Eperjesi explores the various potentials of the medium in an almost scientifically methodical manner, while indeed thinking of them in terms of a dimension with its own meaning. Previously, in her project Colour Matters (2009), which manifested in three related exhibitions, she created the schematics of an empirical colour theory, questioning the fundamentals and the conditions of our colour perception. Based on a statement by her master Dóra Maurer, in terms of which engagement with colour necessarily leads to abstraction, Eperjesi approached colours on her own terms and with her own devices: at two of the Colour Matters exhibitions, she sought possibilities of bringing colours into play in common ways while avoiding abstraction. At the exhibition Nothing Beyond Colours, then, she presented abstract works as well, the creation of which was made possible by the medium of photogram.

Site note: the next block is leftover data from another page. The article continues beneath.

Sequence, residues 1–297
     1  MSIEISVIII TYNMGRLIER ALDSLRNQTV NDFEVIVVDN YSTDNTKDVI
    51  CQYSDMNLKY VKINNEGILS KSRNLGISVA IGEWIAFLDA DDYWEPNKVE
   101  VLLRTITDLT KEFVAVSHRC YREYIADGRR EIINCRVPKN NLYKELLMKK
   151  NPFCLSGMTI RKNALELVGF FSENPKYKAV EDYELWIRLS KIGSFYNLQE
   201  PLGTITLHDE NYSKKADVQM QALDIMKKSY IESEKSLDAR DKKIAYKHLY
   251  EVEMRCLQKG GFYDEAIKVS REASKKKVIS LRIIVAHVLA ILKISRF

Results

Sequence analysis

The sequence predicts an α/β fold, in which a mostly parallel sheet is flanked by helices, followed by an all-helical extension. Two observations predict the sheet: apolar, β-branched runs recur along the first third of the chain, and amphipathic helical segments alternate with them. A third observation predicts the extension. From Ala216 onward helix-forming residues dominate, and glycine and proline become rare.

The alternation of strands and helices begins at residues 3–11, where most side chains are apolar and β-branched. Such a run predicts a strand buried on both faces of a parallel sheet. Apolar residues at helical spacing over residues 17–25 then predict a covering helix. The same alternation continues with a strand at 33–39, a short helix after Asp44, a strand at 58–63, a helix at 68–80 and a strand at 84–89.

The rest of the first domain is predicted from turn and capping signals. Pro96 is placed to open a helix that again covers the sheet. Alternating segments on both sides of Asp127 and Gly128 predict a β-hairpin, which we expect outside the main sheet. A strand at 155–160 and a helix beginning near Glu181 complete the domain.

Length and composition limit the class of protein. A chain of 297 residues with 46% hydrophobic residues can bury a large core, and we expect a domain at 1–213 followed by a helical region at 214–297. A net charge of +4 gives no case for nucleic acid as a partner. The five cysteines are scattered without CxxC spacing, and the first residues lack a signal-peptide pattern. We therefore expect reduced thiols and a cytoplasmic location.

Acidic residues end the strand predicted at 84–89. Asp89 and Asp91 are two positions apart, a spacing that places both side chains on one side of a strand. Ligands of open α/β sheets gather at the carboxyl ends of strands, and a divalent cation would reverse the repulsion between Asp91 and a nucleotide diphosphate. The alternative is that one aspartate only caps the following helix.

The photogram series exhibited at the acb Gallery continue the previous light- and colour studies, exploring the possibilities of cameraless photography, the correlations of colours and abstraction, questions of colour perception and the ways in which we relate to abstraction. The exhibited works record the inverse process of arriving at primary colours by means of secondary colours. Made between 2013 and 2021, the photograms on display here test the encounter of coloured light and photo paper in a photographic situation that is different from previous endeavours. Made predominantly without the interposition of tools and objects, these photograms make use of pure light and the varying positions of the photo paper in giving rise to abstract formations that visualise the ways in which spatiality is capable of modulating colour.